Kay’s Library: Book Club Pick 5, The Priory of the Orange Tree

In an increasingly turbulent world, we look increasingly towards the extended metaphors of speculative fiction to voice inconvenient truths and audacious hopes about our own lives and times. In fiction, cloaked in the archetypes of Shadow, Mentor, Goddess, and Hero, we can utter the “J’accuse!”s to those who have abused their power, and answer the cravings of those who hunger and thirst for justice. In the mid-90s and early 2000s the Harry Potter books and films struck a chord with Millenials who grew in real time with the characters as the franchise released new installments, and took to heart its messages about speaking truth to power and protesting for worthy causes. In the 2010s, George R. R. Martin’s A Song of Ice and Fire and its television adaptation, “Game of Thrones” touched a chord with audiences who saw the contemporary political climate reflected in the machinations of conniving royal houses like the Lannisters.

Shannon’s Priory of the Orange Tree has an optimistic, reconciliatory vision, and tells a story of a divided world coming together to face and defeat a common enemy.  The world that the novel depicts, like that of A Song of Ice and Fire, is one divided between East and West. The cultures and religions of the two regions are at odds, and a trade ban meant to keep a deadly plague at bay closes them to each other diplomatically. Queen Sabran Berethnet rules the Western nation Inys, and is the current dynastic head of a matriarchal lineage of queens. Legend holds that if the Berethnet dynasty ends, the dreaded dragon whom Sabran’s ancestor Galian Berethnet allegedly defeated will rise again.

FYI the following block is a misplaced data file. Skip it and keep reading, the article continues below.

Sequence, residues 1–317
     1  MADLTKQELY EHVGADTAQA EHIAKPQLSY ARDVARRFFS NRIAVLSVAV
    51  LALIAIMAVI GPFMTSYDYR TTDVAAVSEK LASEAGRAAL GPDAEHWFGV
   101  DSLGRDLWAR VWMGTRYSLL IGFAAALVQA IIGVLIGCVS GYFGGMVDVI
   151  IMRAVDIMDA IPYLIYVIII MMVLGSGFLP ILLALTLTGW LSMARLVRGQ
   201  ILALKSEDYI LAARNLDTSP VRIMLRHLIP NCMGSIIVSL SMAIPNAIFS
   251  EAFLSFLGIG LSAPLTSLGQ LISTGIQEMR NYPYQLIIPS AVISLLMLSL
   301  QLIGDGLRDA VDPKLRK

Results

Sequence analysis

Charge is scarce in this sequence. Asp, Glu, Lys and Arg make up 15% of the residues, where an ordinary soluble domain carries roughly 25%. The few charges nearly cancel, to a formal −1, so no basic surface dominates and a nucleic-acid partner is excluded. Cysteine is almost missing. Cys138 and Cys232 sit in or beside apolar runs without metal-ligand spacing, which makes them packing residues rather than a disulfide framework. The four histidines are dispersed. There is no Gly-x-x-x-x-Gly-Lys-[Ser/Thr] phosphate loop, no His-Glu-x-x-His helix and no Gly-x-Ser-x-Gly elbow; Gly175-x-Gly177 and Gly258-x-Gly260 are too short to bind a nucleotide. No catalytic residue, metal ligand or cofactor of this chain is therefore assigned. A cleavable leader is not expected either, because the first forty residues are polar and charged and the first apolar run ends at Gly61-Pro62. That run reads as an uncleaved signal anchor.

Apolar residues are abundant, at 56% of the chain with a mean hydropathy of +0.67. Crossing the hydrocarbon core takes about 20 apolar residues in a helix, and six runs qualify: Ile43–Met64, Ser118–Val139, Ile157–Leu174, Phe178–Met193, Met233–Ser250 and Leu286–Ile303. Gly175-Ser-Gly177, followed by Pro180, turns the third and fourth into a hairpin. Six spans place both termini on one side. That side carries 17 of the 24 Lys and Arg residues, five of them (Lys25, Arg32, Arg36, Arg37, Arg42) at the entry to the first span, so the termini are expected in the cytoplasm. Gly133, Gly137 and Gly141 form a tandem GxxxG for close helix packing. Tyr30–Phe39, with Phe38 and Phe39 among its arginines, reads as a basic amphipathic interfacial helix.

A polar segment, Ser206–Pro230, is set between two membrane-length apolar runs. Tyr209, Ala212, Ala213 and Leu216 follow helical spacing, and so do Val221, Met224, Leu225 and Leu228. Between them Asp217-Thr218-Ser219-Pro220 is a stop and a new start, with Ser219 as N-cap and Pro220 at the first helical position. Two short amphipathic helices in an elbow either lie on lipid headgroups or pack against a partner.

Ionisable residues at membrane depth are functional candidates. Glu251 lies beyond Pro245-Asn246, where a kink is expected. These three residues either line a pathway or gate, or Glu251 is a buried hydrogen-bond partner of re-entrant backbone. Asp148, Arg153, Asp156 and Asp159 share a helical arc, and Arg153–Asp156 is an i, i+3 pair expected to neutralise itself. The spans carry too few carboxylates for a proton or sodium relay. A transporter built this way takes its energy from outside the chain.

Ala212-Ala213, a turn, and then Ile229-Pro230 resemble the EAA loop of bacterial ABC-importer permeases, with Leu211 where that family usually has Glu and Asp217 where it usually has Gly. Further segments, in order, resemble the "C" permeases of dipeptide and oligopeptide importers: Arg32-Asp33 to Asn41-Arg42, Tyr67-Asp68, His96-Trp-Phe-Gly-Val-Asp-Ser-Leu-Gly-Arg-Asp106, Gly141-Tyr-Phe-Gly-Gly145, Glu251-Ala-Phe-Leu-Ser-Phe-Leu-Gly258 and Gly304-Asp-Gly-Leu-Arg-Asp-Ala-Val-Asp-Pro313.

Although this legend has never been tested, Ead has been sent from the eponymous Priory of the Orange Tree, a holy order of dragonslaying assassins, to the royal court of Inys to masquerade as a lady in waiting and guard the queen from harm just in case. In the midst of foiling an assassination plot against Sabran, the headstrong, magic wielding, dragon-slaying warrior from the desert regions falls in love with the queen. Sabran is icy and prickly at first, but over time both Ead and the reader see that beneath her hard shell is a young woman who never recovered from the murder of her mother, Queen Rosarian.